The more feedback, the better. This is now truly irritating you, isn't it? I mean, it's hard to deal with 10 people, how the hell are you supposed to deal with 100 people? And write at the same time? It's madness! Well, here is the deal, the more people read your story, the more feedback you will be able to see to sift through the 80-20 rule, you know, the one where if 8 people out of 10 tell you the same thing, it means you really need to do it? Yeah, that's the one. If you only send your draft to 6 people, it's hard to judge by their individual responses, plus, you will waste a lot of your personal time going over their feedback in detail. Don't. Quickly read it, absord it, don't take any notes, read the next piece of feedback, and so on. Soon the important things, the theme, so to say, will emerge. For example, for me, especially for Draft 4, it was the immaturity of the main character that was attributed to her being 16 yet calling her mother Mommy and her father Daddy. I changed it in Draft 5. And another thing was me going into these poetic side notes that had nothing to do with the story and slowed it down. I cut most of them out from Draft 5 (well, still in the process of cutting). See, only 2 major things! You can compare Draft 4 and Draft 5 excerpts as an example. You should've seen how many different ways people told me the same information, over and over and over.
Beta Reader's feedback is just that, Beta Reader's feedback. Never forget that it's all there is to it, it's simply people who have their own opinions. Don't take it seriously, don't get all wounded and upset, simply try feeling it, try noting commonality in people's opinions. They are not attacking you, they want to help. Sometimes they don't know how to do it right, so it might come across as trashing. It's not. It's simply an opinion. At the end of the day, if someone's feedback made absolutely no sense to you, don't get stuck on it, let it go and move on to the next. Because if you don't, you will never be able to use these opinions effectively. It's like with writing, you have to keep writing every day, keep moving forward every day, without looking back, without rewriting what you wrote yesterday, because otherwise you might never finish your Draft at all.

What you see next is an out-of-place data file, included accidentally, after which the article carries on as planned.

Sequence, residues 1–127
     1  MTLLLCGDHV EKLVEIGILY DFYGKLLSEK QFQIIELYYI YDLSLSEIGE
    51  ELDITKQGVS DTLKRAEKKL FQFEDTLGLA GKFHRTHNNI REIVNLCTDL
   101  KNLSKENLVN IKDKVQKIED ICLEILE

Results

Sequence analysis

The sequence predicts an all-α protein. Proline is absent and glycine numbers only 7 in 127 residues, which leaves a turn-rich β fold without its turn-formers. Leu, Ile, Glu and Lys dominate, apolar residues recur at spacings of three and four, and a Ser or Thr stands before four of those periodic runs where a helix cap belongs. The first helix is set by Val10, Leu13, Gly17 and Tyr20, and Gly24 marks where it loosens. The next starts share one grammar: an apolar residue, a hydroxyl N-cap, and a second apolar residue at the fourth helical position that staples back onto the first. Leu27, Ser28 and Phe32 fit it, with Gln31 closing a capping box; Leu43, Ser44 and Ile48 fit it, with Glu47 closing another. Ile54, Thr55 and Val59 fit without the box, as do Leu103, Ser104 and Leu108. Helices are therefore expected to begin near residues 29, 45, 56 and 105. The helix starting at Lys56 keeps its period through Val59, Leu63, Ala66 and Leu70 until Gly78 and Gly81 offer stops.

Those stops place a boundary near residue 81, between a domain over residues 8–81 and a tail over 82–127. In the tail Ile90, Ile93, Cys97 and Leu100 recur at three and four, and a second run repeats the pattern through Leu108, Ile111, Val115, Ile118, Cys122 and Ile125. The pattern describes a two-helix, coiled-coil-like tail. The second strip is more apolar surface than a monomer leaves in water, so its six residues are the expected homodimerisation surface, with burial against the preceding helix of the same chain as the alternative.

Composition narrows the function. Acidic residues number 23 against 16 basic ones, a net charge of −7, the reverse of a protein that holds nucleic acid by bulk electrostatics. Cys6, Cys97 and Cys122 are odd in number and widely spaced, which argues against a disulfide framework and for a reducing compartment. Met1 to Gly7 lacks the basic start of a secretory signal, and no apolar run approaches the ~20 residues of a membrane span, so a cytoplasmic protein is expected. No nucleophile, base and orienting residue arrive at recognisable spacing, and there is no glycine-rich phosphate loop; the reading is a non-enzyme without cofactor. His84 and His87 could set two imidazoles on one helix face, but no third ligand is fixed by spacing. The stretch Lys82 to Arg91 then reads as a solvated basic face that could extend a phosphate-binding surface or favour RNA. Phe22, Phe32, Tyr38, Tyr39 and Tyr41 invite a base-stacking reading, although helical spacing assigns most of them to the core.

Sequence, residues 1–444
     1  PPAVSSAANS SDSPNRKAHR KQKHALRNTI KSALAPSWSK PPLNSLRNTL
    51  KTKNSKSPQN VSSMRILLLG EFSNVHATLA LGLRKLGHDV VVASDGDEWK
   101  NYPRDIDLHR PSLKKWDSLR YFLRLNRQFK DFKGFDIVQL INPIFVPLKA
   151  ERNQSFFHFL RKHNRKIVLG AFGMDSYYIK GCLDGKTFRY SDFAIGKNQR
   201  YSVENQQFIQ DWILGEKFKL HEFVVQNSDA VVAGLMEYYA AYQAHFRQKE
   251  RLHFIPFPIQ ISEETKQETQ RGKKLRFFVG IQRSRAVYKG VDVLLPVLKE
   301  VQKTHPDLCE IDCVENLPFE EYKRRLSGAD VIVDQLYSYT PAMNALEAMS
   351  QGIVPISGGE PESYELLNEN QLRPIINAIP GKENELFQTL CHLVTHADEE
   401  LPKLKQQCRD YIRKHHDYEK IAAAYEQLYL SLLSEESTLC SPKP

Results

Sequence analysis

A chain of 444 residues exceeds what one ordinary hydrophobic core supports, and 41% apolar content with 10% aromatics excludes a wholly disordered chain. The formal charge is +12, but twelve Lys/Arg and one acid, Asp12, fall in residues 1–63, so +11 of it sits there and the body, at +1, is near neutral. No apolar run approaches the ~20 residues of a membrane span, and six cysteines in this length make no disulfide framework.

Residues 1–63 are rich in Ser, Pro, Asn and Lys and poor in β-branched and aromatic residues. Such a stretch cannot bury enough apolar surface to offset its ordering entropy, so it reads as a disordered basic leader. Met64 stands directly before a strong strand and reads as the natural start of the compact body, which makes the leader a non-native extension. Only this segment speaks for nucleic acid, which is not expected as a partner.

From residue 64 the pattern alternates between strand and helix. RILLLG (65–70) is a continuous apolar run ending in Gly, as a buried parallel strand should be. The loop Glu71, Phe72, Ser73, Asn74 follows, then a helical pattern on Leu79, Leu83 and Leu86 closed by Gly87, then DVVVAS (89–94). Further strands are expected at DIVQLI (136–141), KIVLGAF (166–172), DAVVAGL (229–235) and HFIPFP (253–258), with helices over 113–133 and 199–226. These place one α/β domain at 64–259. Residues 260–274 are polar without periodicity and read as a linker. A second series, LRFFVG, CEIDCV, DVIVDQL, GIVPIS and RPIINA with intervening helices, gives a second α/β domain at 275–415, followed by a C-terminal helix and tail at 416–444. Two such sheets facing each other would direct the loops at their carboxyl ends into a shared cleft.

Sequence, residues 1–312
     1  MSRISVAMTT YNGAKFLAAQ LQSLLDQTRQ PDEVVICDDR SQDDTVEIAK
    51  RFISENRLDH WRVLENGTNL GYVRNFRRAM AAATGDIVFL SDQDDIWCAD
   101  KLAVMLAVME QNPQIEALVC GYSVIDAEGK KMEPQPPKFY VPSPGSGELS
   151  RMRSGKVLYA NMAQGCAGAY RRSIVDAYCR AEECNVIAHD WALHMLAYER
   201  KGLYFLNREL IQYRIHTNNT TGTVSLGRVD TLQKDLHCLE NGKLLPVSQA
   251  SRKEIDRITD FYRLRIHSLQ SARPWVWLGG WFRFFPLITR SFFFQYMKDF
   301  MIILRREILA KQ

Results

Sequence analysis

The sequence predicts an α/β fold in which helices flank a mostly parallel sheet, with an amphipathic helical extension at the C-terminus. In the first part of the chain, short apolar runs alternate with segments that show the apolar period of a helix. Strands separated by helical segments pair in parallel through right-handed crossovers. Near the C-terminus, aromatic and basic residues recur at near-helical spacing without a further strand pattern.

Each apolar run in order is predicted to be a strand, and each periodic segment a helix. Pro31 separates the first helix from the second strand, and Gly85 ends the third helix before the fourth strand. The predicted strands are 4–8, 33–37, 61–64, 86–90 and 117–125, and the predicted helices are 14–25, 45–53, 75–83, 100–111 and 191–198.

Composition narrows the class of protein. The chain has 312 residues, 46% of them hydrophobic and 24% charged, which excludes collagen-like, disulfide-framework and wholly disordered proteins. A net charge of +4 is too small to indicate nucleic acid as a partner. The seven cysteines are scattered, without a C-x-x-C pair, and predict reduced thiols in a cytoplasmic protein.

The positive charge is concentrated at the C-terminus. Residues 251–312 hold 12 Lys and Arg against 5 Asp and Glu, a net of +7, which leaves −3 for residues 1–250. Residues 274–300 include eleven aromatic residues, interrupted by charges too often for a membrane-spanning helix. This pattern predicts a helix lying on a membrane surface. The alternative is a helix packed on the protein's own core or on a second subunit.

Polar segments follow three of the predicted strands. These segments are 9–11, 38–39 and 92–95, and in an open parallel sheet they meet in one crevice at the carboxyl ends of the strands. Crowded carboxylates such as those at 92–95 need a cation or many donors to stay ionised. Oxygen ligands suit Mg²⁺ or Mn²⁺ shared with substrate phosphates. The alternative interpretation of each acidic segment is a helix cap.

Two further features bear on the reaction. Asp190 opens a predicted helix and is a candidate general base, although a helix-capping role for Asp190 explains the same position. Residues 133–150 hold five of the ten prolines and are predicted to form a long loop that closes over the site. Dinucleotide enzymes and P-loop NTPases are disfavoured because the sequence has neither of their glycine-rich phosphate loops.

There you have it. Have fun. Post an excerpt to your novel on your blog, not more than 1,000 words so people have enough time to read it while they sip their cup of coffee, and then ask anyone who would be interested if they'd beta read the whole thing. Forget about copyright, send it out to anyone who will read it. Not only will you get great feedback, you will potentially meet your future readers who will shell out their hard-earned cash for your book when it's done. BECAUSE YOU LISTENED TO THEM. Because they feel like they've taken a part in creating your story. Because, even though you're the one writing your novel, in the end, it takes a village. So go ahead, share, and make your story better!
And now, ladies and gentlemen, you may kill me in comments. Go on. Don't be shy.